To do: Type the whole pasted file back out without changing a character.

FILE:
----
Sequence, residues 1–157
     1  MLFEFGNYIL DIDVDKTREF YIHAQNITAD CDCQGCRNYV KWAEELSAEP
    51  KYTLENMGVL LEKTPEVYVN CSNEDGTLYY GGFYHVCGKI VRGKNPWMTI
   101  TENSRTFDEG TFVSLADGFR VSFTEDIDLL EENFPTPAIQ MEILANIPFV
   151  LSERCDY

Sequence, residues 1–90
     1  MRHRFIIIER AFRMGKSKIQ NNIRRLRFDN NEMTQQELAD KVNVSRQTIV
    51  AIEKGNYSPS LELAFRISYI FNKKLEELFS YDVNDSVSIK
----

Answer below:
Sequence, residues 1–157
     1  MLFEFGNYIL DIDVDKTREF YIHAQNITAD CDCQGCRNYV KWAEELSAEP
    51  KYTLENMGVL LEKTPEVYVN CSNEDGTLYY GGFYHVCGKI VRGKNPWMTI
   101  TENSRTFDEG TFVSLADGFR VSFTEDIDLL EENFPTPAIQ MEILANIPFV
   151  LSERCDY

Sequence, residues 1–90
     1  MRHRFIIIER AFRMGKSKIQ NNIRRLRFDN NEMTQQELAD KVNVSRQTIV
    51  AIEKGNYSPS LELAFRISYI FNKKLEELFS YDVNDSVSIK